Retail Lessons From DTC Challenger Brands Posted on | Retail Sector


Direct-to-consumer (DTC) brands are shaking up entire categories. It’s now nearly impossible to find a single product category left unaffected by the arrival of this new wave of challenger brands. Even categories that have been stagnating for decades are finding themselves being disrupted.

So how can your brand win in retail against this new breed of small, but fearless DTC brand?

Here’s my five top tips:

Reclaim Core Category Benefit

DTC challenger brands don’t compete on latest features and don’t shout about their new, added-benefit functionalities. They bring the focus back to the core customer need instead. They innovate and build their businesses based on a simple question: what’s the single most important reason people shop my category?

Think Mahabis. The brand has taken on the most mundane category in the world – slippers. They are reclaiming the purest reason to buy a pair of slippers – comfort.

That’s how they describe the design process behind making their product: “endless reduction till we find something that no longer needs the complexity of explanation.”

They might be using innovative processes and materials to manufacture their products but it never takes centre stage in their comms.

Premiumize by Limiting Choice

Traditional brands tend to grow by endlessly expanding their portfolio of products. Challenger DTC brands do the opposite. They drastically reduce their portfolio. They recognise that simplicity is premium. They focus on selling only a handful of different products, and many start out with just one. Having a limited range shows confidence in the product and allows them to focus on a simple set of messages.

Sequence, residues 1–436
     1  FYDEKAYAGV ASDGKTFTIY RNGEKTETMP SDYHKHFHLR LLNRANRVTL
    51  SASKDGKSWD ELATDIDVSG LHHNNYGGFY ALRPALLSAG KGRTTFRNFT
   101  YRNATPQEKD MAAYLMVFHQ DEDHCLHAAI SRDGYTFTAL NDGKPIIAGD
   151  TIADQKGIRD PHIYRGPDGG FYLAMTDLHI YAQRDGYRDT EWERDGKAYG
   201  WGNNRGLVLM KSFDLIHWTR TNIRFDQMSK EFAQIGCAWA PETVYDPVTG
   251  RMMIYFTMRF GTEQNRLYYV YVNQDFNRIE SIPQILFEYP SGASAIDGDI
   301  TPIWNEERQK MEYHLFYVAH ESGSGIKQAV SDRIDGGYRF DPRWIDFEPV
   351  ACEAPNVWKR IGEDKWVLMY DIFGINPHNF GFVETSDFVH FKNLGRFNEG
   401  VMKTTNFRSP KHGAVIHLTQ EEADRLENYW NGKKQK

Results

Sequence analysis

Harry’s offers only one cheap(ish) razor which, when up against high prices and clunky designs from shaving giants like Gillette, stands out as the premium one.

Embed Home Trial into the Purchasing Process

By law, all brands have to offer a return policy. However, they are almost always used as a return’s mechanic when there’s a problem, rather than an opportunity to enable product discovery. Challenger DTC brands empower people to try their products at home, in the natural way they would use them.

The “Home Try-On formula” from Warby Parker is simple yet genius: 5 pairs, 5 days and the customer only pays for the glasses they decide to keep. Simple.

Demo Your Products in a Meaningful Way

Traditional brands treat retail channels as an opportunity for expanding their distribution and for optimising the best transactional experience. Challenger DTC brands establish physical presence as a way for consumers to discover products in a meaningful way, not just to buy them. They turn physical stores into must-visit destinations which often need to be booked and paid for in advance.

Casper’s Dreamery is a destination designed with the ambition to help people sleep better. On arrival customers are given pyjamas and are invited to a Sleep Pod for a 45-minute nap on a Casper mattress.

Keep Control Over the Experience

There is a clear pattern for expansion of challenger DTC brands. They establish a strong presence online, create distinctive retail experience across pop-ups and own stores and then replicate it through third-party retailers.

DTC brands grow their footprint with impressive consistency. Their determination to control the experience means that when working with third-party retailers they do it on their own terms. Impressively, DTC brands are reversing the conventional dynamic. It’s not the brand aspiring to be listed with a top mass retailer, but instead, it’s the mass retailer that’s aspiring to partner up with the brand.

Over the last couple of years, US retailer Target has listed numerous formerly online-only brands including Casper, Harry’s, Barkbox, Quip and Native. They have all managed to achieve the impossible – keep their distinctive, bold identities and protect their unique, boutique feel within a big box store housing hundreds of brands.

Justyna Pospychala, Planning Director, MullenLowe Open 

This article was originally published on Retail Sector